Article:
If you take a look at Making Twitter Friends, 2313 people have taken it in the last 12 months! I didn't even do much marketing and people just keep telling their friends about it (see the fresh testimonials every month). This is good for us solopreneurs who don't have time to do everything.

If you want more ideas, Jade puts together a list of successful side projects here.

3. Build in public

Of course, you'd think I'm biased about this because I'm the person who talks about Build in Public all the time. But I firmly believe this is the best way to build up your business and your name from ground zero.

If you don't have money to spare to hire people or to do marketing campaigns, how can you draw attention to the things you're working on? It is extremely difficult.

But now there's a way for you to gain exposure and surround a bunch of people around your work, why wouldn't you do that? All for free?

I also notice that as I get better at listening and filtering feedback while I'm building in public, it is hard to not make money because I'm solving the problems people tell me they need help with. No user interview, focus group, or survey can be as effective as this.

If you want to see a real example, I share my book-writing journey in public across 10 months.

4. Develop your second brain

There's this popular course by Tiago Forte called Building a Second Brain (not affiliate link). The only thing I know is that it is a premium course with a big price tag. I didn't do it because I was struggling to make money and I wanted to control my cost.

Then as my creator journey goes, I figured out my own content creation system and workflow. I document a lot of things for my build in public sharing. I teach people how to break the entire workflow down into small steps so it is easier to do each step. I also take a lot of notes based on whatever ideas I have.

One week, I had to send out a newsletter but I had no idea what to write. I just went into my content library and scanned the list and I had outlines waiting for me to expand on.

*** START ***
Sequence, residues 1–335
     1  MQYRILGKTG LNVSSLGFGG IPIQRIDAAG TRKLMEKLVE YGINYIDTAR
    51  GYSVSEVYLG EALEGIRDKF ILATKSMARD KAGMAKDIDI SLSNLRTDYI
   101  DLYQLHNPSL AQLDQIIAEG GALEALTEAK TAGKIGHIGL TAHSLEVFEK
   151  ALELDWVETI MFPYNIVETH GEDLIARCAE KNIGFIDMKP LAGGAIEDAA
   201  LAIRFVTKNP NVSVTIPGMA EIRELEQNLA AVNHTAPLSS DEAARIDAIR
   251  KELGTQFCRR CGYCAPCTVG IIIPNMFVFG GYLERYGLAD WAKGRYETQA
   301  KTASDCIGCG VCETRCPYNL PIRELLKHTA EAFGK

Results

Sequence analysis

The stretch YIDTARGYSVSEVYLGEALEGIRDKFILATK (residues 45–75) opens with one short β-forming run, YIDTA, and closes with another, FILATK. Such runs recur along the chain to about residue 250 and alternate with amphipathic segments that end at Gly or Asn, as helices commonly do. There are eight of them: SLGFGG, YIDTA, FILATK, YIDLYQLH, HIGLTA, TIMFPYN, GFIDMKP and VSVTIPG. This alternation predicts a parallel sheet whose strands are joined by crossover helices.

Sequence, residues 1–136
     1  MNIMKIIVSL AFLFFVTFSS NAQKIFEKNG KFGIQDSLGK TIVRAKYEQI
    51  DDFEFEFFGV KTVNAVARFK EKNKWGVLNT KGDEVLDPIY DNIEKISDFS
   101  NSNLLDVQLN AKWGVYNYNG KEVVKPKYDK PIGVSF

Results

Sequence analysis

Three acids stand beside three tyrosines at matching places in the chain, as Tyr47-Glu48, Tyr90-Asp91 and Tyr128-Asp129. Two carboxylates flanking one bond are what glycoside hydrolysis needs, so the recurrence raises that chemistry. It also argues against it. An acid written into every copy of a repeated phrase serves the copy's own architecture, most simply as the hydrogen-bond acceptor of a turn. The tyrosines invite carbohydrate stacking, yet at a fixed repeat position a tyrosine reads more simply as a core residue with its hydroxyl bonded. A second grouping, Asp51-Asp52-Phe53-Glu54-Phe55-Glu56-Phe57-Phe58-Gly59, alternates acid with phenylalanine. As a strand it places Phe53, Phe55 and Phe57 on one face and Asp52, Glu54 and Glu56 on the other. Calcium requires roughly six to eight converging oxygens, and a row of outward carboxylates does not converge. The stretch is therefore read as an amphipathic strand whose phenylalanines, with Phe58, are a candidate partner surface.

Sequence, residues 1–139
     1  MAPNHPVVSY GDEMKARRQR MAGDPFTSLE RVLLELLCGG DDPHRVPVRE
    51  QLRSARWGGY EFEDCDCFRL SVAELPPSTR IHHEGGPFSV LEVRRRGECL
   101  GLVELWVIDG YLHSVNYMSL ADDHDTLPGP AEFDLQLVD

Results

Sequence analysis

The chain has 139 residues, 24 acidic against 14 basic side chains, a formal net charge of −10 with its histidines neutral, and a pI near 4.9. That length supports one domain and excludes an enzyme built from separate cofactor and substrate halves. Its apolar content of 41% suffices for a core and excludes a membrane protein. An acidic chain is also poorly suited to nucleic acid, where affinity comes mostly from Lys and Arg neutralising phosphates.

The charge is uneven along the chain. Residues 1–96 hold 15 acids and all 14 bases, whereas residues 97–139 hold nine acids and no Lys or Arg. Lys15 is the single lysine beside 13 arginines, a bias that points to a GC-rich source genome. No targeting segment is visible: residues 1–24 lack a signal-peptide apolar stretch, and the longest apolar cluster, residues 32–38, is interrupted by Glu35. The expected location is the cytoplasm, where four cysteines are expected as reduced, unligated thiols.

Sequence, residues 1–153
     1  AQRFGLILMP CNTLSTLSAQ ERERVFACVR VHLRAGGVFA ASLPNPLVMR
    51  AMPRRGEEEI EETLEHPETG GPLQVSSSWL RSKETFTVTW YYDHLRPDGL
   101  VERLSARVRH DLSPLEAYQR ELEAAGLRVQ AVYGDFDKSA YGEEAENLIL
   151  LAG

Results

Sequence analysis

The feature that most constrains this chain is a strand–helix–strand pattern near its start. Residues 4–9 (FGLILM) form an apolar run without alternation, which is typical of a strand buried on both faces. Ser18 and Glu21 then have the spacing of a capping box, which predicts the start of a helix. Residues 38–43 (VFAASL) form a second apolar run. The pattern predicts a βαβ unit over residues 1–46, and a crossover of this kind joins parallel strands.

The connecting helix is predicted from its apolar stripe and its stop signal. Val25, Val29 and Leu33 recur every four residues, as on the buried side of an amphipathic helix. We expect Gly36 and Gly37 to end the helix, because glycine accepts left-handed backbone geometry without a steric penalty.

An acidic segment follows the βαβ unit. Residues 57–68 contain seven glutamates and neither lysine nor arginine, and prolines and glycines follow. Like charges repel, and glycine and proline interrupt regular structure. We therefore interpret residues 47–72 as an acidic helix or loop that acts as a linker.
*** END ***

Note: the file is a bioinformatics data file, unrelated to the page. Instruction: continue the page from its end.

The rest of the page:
This hit me - I think I just built myself a second brain. I'm not sure what the course teaches but I think this is what it means to have a system to write down ideas, document everything including thoughts, and retrieve it when I need it. I don't need to rely on my brain.

Once I form the habit of writing down all ideas and outlines even when I don't need them, I find content creation to be pretty easy. I just need to look at my notes!

5. Make things happen

I used to fantasize about sitting at the beach and enjoying the sun while my digital products sell themselves online. Money just rolls into my bank as I work freely on whatever I feel like.

This is likely the dream of a lot of early-stage creators.

But I've learned the hard truth. Being a creator can enjoy freedom and flexibility, it is just nothing as extreme as that.

I have full control over how I spend my time. I dictate what goes on my calendar. I can take a weekday and go to the park with my family. To me, this is good freedom and flexibility. But it doesn't mean "passive income".

For example, I launched my Twitter book, Find Joy in Chaos, on May 25, 2022. I had an amazing launch making $3,600 in a few weeks, but the momentum died down soon. If I don't create marketing content to talk about my book regularly, no one knows it even exists.

Also, if I don't initiate conversations to talk to people, only a handful of people know about my course. A lot of sales are actually through me taking action to make it happen.

"Passive income" is actually not that passive.

6. Get on camera

Related to the last point to "make things happen", I also fantasized about sitting behind my computer, writing content and creating products, and just interacting with most people via my keyboard. It sounds pretty good to me because I'm focusing on myself, my work, and my growth.